In the early retirement scene, there’s a concept called “FU money”. The prototypical aspiring early retiree works at a boring corporate job under mismanagement, holding resentment they’ve let fester for 10 years. When they finally save enough to not need a job, they are said to have “f*** you money”. They don’t need to put up with bad bosses anymore. They can quit anytime they’d like.
My older brother once had a “FU side project”: a company called ZenMaid that he worked on after work. The company’s revenue grew, and kept growing. Amar’s boss joked with him that he was surprised to see Amar back at the workplace every day. Everyone knew that once ZenMaid made a sustainable income, Amar would leave his day job to work on ZenMaid full-time, and to fulfill his dreams of living the nomad life. Amar has now been nomading for 5 years.
Meanwhile, the supply of good engineers can’t yet meet the demand for good engineers. All sufficiently good engineers thus have “FU career capital”. When we’re recruiting at AirGarage, the hardest part is wooing a strong candidate. She is liable to have multiple other offers at mission-driven, high-paying companies.
That’s why engineers get campuses full of toys, free food, free laundry, and reasonable work hours. Companies are constantly wooing their employees to stay. “FU career capital” means that an employee can jump ship at any time for another high-paying job with even cushier perks. And given their high salaries, engineers often have some FU money in the bank as well, so you are literally competing with an engineer working at your company or taking an around-the-world vacation. In fact, it’s normal in SF for people to take a year-long sabbatical if they feel “burned out”.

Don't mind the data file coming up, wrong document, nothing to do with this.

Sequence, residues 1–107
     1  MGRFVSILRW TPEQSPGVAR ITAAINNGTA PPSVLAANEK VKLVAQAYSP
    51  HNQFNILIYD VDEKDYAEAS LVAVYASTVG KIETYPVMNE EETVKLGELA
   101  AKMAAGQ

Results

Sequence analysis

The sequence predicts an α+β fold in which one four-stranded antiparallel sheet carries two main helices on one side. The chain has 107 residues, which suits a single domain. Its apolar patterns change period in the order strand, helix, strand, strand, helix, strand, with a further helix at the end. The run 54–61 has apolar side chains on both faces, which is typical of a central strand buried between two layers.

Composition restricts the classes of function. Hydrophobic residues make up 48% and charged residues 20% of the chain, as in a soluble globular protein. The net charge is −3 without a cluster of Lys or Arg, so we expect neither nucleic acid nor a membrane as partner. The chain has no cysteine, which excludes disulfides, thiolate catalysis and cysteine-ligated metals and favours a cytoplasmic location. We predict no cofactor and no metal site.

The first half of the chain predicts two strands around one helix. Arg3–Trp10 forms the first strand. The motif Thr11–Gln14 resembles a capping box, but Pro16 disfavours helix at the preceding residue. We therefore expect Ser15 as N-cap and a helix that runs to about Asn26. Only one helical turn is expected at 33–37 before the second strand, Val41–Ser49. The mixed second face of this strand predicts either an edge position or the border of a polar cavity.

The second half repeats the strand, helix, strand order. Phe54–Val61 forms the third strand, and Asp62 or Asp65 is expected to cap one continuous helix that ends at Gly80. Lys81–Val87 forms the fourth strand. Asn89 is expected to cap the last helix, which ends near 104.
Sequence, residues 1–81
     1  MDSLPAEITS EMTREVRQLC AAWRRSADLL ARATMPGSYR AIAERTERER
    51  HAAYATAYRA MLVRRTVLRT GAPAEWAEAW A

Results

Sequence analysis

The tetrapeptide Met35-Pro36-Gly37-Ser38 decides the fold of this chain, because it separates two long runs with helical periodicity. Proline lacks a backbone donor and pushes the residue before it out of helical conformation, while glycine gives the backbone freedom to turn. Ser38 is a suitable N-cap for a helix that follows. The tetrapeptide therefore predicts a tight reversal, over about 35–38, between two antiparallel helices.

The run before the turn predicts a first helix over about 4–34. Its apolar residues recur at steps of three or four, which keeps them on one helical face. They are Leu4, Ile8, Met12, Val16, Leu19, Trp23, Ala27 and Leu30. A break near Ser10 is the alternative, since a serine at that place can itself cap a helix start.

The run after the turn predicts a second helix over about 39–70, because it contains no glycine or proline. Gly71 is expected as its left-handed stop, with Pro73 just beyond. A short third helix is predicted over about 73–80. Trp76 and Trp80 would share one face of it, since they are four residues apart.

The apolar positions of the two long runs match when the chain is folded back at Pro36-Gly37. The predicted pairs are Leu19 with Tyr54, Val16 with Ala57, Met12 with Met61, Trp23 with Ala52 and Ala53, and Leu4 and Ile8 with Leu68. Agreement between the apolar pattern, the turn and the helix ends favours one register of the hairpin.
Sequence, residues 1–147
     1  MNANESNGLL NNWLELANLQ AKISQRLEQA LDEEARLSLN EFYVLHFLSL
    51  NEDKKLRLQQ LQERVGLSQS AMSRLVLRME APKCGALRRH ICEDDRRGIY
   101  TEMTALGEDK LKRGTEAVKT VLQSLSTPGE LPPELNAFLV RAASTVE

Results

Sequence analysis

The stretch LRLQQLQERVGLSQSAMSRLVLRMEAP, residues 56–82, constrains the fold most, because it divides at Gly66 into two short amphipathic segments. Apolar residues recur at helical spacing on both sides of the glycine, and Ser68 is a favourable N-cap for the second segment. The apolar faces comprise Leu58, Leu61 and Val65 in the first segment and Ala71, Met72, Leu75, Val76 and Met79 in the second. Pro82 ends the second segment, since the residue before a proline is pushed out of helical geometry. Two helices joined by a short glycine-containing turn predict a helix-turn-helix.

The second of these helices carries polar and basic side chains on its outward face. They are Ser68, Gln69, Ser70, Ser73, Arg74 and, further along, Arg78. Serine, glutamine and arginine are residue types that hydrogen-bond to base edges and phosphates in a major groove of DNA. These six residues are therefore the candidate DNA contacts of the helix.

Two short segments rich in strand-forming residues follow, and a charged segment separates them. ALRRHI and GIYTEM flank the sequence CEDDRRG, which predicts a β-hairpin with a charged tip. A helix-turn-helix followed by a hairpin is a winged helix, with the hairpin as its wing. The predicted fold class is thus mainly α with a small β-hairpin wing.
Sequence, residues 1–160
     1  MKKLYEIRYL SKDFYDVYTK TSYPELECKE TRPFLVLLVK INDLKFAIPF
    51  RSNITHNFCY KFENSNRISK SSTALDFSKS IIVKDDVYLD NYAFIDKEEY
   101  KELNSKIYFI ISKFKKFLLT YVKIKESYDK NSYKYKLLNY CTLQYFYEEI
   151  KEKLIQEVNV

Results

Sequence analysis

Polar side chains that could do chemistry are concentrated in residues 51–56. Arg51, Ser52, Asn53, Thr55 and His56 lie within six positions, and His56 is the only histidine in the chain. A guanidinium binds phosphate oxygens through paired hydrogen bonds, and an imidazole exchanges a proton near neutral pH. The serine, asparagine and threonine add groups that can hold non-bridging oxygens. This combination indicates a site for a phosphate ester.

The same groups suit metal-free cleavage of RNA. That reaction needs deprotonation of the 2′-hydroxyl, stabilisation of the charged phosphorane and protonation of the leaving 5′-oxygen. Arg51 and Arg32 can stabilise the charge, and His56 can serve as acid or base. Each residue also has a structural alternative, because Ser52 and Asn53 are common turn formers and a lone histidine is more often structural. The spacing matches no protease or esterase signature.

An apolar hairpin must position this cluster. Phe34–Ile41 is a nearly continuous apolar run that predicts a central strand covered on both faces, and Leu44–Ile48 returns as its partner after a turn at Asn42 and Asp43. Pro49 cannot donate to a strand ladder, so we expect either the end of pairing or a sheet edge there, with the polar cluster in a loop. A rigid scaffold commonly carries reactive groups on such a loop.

Another variation of FU is “FU frugality”. I have a hippie friend who lives on a school bus. His expenses are low because he pays no rent and has few possessions. (For context, his school bus isn’t a decked-out tiny house kind of deal. It’s just a literal bus with a mattress in the back).
He dropped out of college and has worked a part-time engineering job ever since. The company has tried to woo him into a full-time role, but they always fail. He has little need for more money; he prefers more time.
I’ve seen many friends get stuck in toxic work environments. In fact, I stayed at my first job for two years, even though there was a culture of gossip, passive-aggressiveness, and burnout. I earned my FU points by saving money (FU frugality) to pay for a coding bootcamp and learn a high-demand skill (FU career capital).
If you’re stuck at a toxic job, how do you plan to get out?
I did it by learning a hard skill. My brother did it with a side project. My bus friend did it with frugality. Oftentimes, the best approach is all three: to have many eggs in many baskets. First find a more affordable home, someplace smaller or with roommates or with family. Then teach yourself a valuable skill and use that to find an awesome job with a healthy work environment. If you’re still not satisfied, start side projects until your lifestyle can sustain itself with or without a ‘regular’ job.